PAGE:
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Trying to Avoid Shin Splints? Follow These 6 Expert-Recommended Tips

Read this before your next run.

By Jen Ator November 17, 2023


You’re committed. You’re excited. You’re ready. Whether you’re eyeing a big race or simply trying to stick to a running plan, one thing’s for sure: Mentally, you’ve got this. But after only a few weeks of regularly lacing up, you suddenly notice a dull ache running down the front of your legs, and you start to feel like—physically—your body is not keeping up.

Shin splints can feel like a cruel joke. They’re one of the most typical running injuries and often caused in part by our own enthusiasm for the modality. But just because they’re common doesn’t mean they’re easy to manage. If you suspect your shins might be struggling, it’s important to act quickly. Here, we break down what causes shin splints, how to treat them, and, most importantly, what you can do to reduce your risk of those pesky pains putting you on the sideline.

What Are Shin Splints?

Even though shin splints are one of the most common running injuries, they’re often misunderstood. This condition refers to pain in the front part of your lower leg (your shin) that occurs when the muscles, tendons, and tissue around your shin bone (your tibia) become inflamed. 

The most common type of shin pain is usually a reaction from your tibia to excessive load, with symptoms often felt on the inside of your shin (the medial side). This is why shin splints are technically referred to as medial tibial stress syndrome. “Think of it as a bony stress reaction,” says UK-based clinical lead physiotherapist Tom Goom. “The bone is unable to adapt to the stresses of sport, and instead becomes inflamed, irritated, and painful.”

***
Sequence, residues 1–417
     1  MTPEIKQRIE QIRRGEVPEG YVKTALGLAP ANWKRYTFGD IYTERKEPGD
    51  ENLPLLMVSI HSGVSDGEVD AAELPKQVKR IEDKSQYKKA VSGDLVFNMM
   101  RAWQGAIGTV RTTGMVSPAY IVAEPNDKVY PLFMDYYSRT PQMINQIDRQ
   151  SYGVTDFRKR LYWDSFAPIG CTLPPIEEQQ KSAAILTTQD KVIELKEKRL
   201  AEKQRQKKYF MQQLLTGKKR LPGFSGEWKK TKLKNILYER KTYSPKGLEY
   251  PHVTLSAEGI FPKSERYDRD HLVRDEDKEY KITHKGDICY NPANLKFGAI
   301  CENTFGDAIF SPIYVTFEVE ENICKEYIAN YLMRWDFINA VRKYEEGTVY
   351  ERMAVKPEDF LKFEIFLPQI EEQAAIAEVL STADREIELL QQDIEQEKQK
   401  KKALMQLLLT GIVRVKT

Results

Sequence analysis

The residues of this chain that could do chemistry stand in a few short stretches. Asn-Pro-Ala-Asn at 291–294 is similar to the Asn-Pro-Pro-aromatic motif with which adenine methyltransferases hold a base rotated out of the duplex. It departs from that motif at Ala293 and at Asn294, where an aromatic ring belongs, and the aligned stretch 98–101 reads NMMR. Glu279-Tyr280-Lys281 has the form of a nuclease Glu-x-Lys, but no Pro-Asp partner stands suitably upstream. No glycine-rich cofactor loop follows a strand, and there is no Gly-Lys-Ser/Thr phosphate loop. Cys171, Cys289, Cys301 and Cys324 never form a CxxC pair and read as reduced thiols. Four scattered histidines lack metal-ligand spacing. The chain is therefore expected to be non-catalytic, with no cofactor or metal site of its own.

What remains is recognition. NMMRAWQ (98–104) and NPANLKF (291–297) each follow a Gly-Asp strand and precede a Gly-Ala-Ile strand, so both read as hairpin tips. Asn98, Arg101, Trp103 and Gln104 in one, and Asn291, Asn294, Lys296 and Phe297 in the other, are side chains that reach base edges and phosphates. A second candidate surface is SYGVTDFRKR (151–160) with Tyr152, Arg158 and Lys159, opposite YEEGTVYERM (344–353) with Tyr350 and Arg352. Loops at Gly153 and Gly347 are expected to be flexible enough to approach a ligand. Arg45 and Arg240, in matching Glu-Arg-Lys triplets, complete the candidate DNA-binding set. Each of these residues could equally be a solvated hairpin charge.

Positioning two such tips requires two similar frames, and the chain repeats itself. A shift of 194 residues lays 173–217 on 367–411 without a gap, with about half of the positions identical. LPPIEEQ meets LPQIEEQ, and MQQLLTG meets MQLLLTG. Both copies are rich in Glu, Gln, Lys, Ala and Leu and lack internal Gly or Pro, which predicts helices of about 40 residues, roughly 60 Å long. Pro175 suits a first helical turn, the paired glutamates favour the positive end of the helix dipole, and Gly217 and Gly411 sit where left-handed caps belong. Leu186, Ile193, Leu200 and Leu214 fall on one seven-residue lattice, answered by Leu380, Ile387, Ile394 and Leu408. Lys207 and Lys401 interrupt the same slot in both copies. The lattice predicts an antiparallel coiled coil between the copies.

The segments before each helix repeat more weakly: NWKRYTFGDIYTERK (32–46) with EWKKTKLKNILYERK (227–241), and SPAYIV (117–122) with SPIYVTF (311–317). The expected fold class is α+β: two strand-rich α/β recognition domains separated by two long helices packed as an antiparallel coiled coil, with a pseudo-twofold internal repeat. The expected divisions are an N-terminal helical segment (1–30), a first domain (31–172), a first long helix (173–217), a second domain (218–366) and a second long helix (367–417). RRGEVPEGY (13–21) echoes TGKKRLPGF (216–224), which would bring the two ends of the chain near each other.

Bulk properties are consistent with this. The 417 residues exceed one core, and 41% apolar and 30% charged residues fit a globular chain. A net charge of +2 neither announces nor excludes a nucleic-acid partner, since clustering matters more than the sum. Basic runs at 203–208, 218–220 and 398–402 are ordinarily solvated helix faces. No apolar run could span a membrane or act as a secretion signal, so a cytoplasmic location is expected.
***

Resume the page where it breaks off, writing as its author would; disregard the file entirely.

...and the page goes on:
Shin splints typically stem from repetitive activity, putting runners at a high risk for developing the condition. New runners are more susceptible as their muscles, bones, and ligaments haven’t been stressed in the same way before. But anyone who makes sudden changes to their physical activity could experience this injury.

Shin splints are what Goom calls “multi-factorial,” meaning there’s usually never just one thing to blame. “It is often linked to increased training duration or intensity—but lack of sleep and recovery may be a factor, as well as muscle strength, nutrition, and running gait,” Goom says. 

Other factors associated with an increased risk of shin splints include:  

  • Being female

  • Having a history of shin splints

  • Fewer years of running experience

  • Increased body mass index

While you may not be able to pin down the root cause, shin splints are hard to ignore. As a general rule, symptoms are typically concentrated in the inner border of your tibia, where muscles attach to the bone. According to the American Academy of Orthopedic Surgeons, shin splint pain may feel sharp or dull and can occur during or after exercise. 

Shin splints are a very common overuse injury. But that doesn’t mean you should underestimate them. Bone stress injuries are some of the most problematic, as they require lengthy recovery times. If irritated for long enough, shin splints can potentially lead to a tibial stress fracture

How to Avoid Shin Splints